A strange and eerie phenomenon led to unusual lights appearing above the sky in China recently. People in Tuergen village, in the Xinjiang autonomous region, shared photos of the spectacle on social media site Weibo, with news outlets dubbing it a "miraculous astronomical phenomenon" that experts are yet to explain.
However, there are few things the shapes could be the result of. One is a phenomenon called noctilucent clouds (NLCs), while another suggestion is they came from a rocket launch from Gansu.
NLCs – also known as night shining clouds – hover over the edge of space and glow brightly in a variety of colours. A spokeswoman for the Royal Meteorological Society told IBTimes UK what was seen over China was could well be NLCs, but more information on the location and conditions leading up to their formation would be needed to understand more. They are also pretty unusual NLCs if this is indeed what they are.
NLCs are crystals of ice hovering on the edge of space, around 50 miles into the atmosphere. They are the highest clouds in Earth's atmosphere and are normally too faint to be seen. They also form under very restrictive conditions and are not fully understood – there is no record of them before 1885.
These ice crystals catch the sun long after it has set on the horizon. The shape of the NLCs changes according to wind speeds at different heights. Those located at lower altitudes tend to have a redder colour because of the amount of dust and water in the lower atmosphere, while those higher up tend to be blue.
However, NLCs are not the only possibility. Meteorologist Alan Hisscott told IBTimes UK they could be the result of a trail of cloud left behind a rocket launch. He said the photos were likely taken looking east from Xinyuan towards the Jiuquan Satellite Launch Centre in Gansu before dawn, which is what provided the illumination.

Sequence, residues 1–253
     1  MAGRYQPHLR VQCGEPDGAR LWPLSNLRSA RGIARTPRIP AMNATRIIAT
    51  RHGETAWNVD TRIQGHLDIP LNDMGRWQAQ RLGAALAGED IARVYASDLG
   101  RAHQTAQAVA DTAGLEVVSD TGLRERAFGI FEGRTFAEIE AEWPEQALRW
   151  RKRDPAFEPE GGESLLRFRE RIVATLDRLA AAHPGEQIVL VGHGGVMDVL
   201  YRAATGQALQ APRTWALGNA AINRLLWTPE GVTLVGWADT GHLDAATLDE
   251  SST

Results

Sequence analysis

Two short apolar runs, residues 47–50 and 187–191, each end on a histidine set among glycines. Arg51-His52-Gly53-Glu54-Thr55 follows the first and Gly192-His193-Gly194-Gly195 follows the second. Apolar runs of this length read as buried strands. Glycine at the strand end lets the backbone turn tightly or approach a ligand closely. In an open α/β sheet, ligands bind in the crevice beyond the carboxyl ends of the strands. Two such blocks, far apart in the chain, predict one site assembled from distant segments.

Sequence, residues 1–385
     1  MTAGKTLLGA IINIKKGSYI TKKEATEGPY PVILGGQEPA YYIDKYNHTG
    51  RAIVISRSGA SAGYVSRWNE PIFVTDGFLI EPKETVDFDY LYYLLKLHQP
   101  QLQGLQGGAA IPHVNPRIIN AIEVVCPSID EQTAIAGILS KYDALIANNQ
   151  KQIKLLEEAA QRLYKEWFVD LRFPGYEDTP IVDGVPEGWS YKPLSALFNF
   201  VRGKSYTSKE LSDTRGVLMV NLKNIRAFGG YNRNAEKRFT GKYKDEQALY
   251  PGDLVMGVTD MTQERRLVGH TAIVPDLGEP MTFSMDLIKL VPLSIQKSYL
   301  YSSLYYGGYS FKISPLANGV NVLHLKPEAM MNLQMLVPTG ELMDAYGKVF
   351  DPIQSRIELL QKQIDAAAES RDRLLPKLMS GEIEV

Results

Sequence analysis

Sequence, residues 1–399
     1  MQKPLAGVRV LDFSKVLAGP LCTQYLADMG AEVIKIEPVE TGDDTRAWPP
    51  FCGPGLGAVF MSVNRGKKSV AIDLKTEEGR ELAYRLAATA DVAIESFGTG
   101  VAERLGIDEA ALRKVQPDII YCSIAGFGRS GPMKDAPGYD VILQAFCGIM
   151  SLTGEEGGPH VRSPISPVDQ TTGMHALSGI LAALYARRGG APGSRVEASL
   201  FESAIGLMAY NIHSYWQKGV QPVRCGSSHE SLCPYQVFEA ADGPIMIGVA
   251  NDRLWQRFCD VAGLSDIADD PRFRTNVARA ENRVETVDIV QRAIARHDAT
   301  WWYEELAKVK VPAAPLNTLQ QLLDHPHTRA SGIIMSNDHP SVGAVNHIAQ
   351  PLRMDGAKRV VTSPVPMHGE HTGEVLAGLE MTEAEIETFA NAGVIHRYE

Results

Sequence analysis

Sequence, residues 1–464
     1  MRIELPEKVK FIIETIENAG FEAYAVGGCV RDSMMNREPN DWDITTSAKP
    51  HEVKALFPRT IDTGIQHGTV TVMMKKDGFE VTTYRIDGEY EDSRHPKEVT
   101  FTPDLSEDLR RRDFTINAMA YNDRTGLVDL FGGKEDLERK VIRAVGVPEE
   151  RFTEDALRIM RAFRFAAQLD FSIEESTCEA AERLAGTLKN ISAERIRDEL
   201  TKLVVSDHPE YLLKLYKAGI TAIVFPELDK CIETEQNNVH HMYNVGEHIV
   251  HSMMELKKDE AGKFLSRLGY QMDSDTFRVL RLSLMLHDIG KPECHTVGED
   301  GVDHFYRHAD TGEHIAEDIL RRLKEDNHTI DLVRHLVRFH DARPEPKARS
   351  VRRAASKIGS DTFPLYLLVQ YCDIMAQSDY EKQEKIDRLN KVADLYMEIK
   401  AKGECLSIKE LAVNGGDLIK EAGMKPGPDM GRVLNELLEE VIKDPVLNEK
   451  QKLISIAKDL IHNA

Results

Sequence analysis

"The rocket exhaust would leave combustion products including water vapour which would condense to form ice-crystal clouds, much like the condensation trails behind aircraft," he said. "The distortion of the originally near-vertical trail would be caused by varying winds at different altitudes.
"The clouds appear to reach high levels – probably as high as noctilucent clouds, which is why they are illuminated by the sun beyond and below the horizon in much the same way that NLCs stand out against the dark sky."
He said the horizontal dispersion seen in the first image was likely at the mesopause – the minimum temperature at the boundary between the mesosphere and the thermosphere atmospheric regions. The "icy curtains" to the left of the formation were typical of "fall-streaks" observed from Cirrus ice-crystal clouds.
"Also the orange colouring probably arises from scattering of the illuminating sunlight rather like a 'mackerel sky' at sunset," Hisscott said. "The iridescence in parts of the trail is caused by diffraction by small water or ice droplets, occasionally seen in 'normal' clouds, or possibly by some very small droplets of unburnt fuel or other combustion products."